Every morning, before getting ready for my MATH 115 class at 8:30 a.m., I stared at myself in the mirror, my eyes tracing the frizzy curls I had haphazardly thrown in a bun and the toothbrush hanging out of my mouth. I would brace myself for the dreaded day ahead as a lump began to form in my throat and a knot began to tighten in my chest. College was absolutely not what I expected. Instead of being a land fresh with opportunities — flush with moments that had the potential to be the beginnings of lifelong friendships — it proved to be an extremely lonely place without anyone to share my thoughts and feelings. It seems a bit confounding that one would feel isolated on a campus where there are 50,000 students, but it goes to show how easy it is to get lost in the sea of people here. There were no debriefs in the dining hall or fun study sessions in the UGLi; instead it was just me and my thoughts as they accompanied me to class, to the quietude of the Law Library and to my dorm at the end of the day. All my days started to blur together as I struggled to adjust to the workload of my classes, take care of myself and strive to find any sort of social network. Yet, it was to no avail. No matter how hard I tried to search for people, my people, I was left with the empty promises of connection and the heartbreak to deal with after I realized that yet another potential friend had slipped from my grasp.
It seemed surreal to me how quickly my life had changed. To cope with this dizzying whiplash, I lived in the past as a means to escape my present. I longed for what I had left behind, reminiscing about friends who knew me better than anyone, ice cream runs with my little sister and my parents just down the hall from me instead of a state away. I cried at least 10 times a day and found myself in the midst of a depressive spiral, with the only thing I looked forward to being the instance I drifted out of consciousness as my head hit the pillow and my eyes fluttered closed. I built up the idea of college in my head for years and it came crumbling down moment by moment, leaving me to deal with the destruction and rubble left in its place.
As I would walk through the Diag, “Michigan” by BROCKHAMPTON playing in my AirPods, or as I would watch an episode of “New Girl” in my dorm with my stuffed frog for company, a thought began to form in the recesses of my mind. Over the course of a few weeks, this thought slowly formed into a coherent conclusion. I was miserable, an undisputed fact. Sadly, I wasn’t partying every day of the week and I didn’t have any friends to get brunch and discuss my hopes and dreams with and I had absolutely no romantic endeavors whatsoever. I wasn’t the somebody I thought I would be at the University, based on the somebodies I saw Rory, Harriet and Becca to be, but rather a nobody. But basking in my misery was only worsening it. I reasoned that holding onto this preconceived notion about how college was supposed to be was counterintuitive to my happiness and that maybe I should just let my expectations go and take each day for what it is, rather than comparing it to my grandiose daydreams. This change wasn’t a sudden switch, but rather a gradual accumulation of events that are still occurring to this day. Instead of concentrating on the negative things going on in my life, I attempted to take every moment one step at a time. One of the best things I ever did during that period of my life was join a Wolverine Support Network group. WSN is an organization that promotes mental well-being by fostering an inclusive, supportive community on campus. Part of how they achieve this is by offering free peer-to-peer support groups every week as a private safe space for anyone to receive support if they need it. Those weekly meetings, where I would go for an hour and share what was going on in my life, pulled me out of my funk. It gave me something to look forward to and it made me feel like I wasn’t alone in my struggles. One of the biggest things I took away from my WSN group is that there is solidarity in hardship: I’m not the first person to feel like this about college, and I definitely won’t be the last. My hope with this column, born from “Breaking down in the Hatcher stacks,” is that it makes you feel less alone and it gives you the opportunity to be vulnerable about your feelings.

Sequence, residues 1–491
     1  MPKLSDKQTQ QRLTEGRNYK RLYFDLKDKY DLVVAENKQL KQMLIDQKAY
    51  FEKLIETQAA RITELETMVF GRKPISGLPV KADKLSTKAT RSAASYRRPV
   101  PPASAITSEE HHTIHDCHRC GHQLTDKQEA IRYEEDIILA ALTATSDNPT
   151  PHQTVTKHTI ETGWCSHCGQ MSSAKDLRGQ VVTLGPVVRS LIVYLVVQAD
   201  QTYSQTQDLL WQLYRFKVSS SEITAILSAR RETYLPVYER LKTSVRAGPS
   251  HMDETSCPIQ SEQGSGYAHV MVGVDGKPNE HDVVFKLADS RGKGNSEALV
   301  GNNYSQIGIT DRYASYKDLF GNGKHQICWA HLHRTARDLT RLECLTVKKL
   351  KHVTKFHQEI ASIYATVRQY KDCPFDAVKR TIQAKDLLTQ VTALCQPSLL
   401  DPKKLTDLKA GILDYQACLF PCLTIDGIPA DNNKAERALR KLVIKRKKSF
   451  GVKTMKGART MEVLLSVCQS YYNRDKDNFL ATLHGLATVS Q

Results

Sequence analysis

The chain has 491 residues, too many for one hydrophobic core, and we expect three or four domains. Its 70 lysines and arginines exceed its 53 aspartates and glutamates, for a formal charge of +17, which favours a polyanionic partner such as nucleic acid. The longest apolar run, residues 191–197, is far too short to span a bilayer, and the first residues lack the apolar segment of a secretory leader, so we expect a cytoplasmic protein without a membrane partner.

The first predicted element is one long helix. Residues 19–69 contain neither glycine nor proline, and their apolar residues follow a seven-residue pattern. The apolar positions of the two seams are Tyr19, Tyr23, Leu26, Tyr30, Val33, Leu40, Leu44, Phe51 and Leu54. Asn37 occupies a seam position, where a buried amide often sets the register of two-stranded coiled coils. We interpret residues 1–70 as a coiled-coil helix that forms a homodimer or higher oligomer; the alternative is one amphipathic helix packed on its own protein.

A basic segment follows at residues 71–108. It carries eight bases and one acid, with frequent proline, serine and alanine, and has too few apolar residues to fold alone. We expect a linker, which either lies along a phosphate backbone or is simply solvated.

I’m tempted to end this column with a joyous ending, recounting how I overcame adversity and how there’s always a light at the end of the tunnel. But that wouldn’t be honest. The truth is that I still don’t like college. I still have days where I awake to my alarm and feel disappointed that I’m in my dorm room rather than my lavender-painted childhood bedroom. But I also know now that college, just like any part of life, is a journey filled with highs and lows. I understand that those lows will not last forever and that every day is a conscious choice to focus on the temporariness of my hardship. My first year of college taught me that life may not match up to my expectations, but that’s okay. What’s more important than expectations is the ability to focus on the present, to be able to ground yourself in your reality, but also recognize that everything will be okay if you let it be. Rather than thinking about my misery, I think about the brown sugar latte awaiting me on my way to study or my WSN group awaiting me at the end of a long Wednesday. Maybe I haven’t met my forever friends yet, maybe I might not find the love of my life in the Diag, and my first college party was definitely not the best experience. But that’s alright. I think next year will be better.
Statement Columnist Ananya Gera can be reached at email@example.com